At that time, I had a visa for a domestic driver that had been sent to the Saudi consulate in Mumbai. Therefore, I told Abdul Majeed to travel to India on final exit and come back on that visa. However, he preferred to return to his sponsor with the hope that he would help him in solving the problem. Accordingly, he returned to Makkah but never came back. This prompted me to believe that he might have solved his problem with a decision to stay with his sponsor.

However, after one month, one of his friends came to me and said: “Abdul Majeed ended up in the Deportation Center (Tarheel) and he is asking you to help him.” Immediately, I went to Tarheel and reached the hall where Abdul Majeed was staying. I managed to meet him at the overcrowded facility and asked him how he had ended up at Tarheel. He said that while traveling to Makkah, he was detained and taken to the center after officials detected that the validity of his iqama had expired.

I felt that he was subjected to injustice by his former sponsor and, therefore, decided to help him, seeking the pleasure and reward from God. I spent four days going back and forth to Tarheel, taking up his issue and meeting a number of officials. At last, fortunately I found an officer whom I knew very well. I explained to him the case of Abdul Majeed and he at once lent me a helping hand to solve the problem and subsequently, Abdul Majeed was deported to India within a week.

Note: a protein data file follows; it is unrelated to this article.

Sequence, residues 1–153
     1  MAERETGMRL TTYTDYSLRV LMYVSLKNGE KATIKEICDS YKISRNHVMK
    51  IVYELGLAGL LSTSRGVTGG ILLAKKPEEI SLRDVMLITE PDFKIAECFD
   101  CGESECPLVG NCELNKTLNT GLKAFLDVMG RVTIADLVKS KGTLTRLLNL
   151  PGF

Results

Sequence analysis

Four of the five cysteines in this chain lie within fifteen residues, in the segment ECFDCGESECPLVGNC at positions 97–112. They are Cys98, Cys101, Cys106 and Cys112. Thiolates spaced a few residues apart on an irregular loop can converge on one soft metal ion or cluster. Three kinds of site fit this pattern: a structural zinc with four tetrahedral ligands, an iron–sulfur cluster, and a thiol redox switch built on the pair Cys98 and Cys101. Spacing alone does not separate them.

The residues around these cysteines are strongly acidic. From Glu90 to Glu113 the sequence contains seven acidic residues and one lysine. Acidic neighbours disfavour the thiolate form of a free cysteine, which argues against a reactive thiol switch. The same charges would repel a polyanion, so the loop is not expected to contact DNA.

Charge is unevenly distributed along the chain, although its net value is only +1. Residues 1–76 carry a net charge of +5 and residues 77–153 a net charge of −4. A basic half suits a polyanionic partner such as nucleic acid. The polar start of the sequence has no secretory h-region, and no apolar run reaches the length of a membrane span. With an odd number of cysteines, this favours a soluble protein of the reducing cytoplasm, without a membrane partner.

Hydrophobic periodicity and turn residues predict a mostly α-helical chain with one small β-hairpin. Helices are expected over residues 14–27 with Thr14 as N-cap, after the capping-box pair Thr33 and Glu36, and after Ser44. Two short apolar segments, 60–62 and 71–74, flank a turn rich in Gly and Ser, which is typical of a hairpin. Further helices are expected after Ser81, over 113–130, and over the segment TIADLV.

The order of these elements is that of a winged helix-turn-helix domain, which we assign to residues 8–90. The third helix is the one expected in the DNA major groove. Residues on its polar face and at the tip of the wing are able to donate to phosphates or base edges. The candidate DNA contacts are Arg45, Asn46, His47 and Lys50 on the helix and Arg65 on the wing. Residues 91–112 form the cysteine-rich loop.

After spending several months with his family, he took the visa and came back to the Kingdom under my sponsorship as a domestic driver. I saw that he was not good at driving and, therefore, I sent him to the Dallah driving school where he learned how to drive. He failed the exam two times but passed on the third attempt.

Abdul Majeed worked for me for 18 years, and he was a decent driver who always maintained the quality of being patient. He took my children to school all through their preliminary school to university levels of education. He had electrical and plumbing skills and was always keen and ready to carry out simple repair work.

Two months ago, he informed us that he had decided to return to his country to live with his family for the rest of his life. My family and I tried to convince him to go on a long vacation and then come back. But he apologized, and hence we had to accept his decision and give him our best wishes.

I found it my duty to go with him to the airport and my son Muhammad accompanied us. Muhammad, who is studying in the final year of his university education, canceled his classes that day to be with me in bidding adieu to our dear Abdul Majeed.

Dr. Ali Al-Ghamdi is a former Saudi diplomat who specializes in Southeast Asian affairs. He can be reached at algham@hotmail.com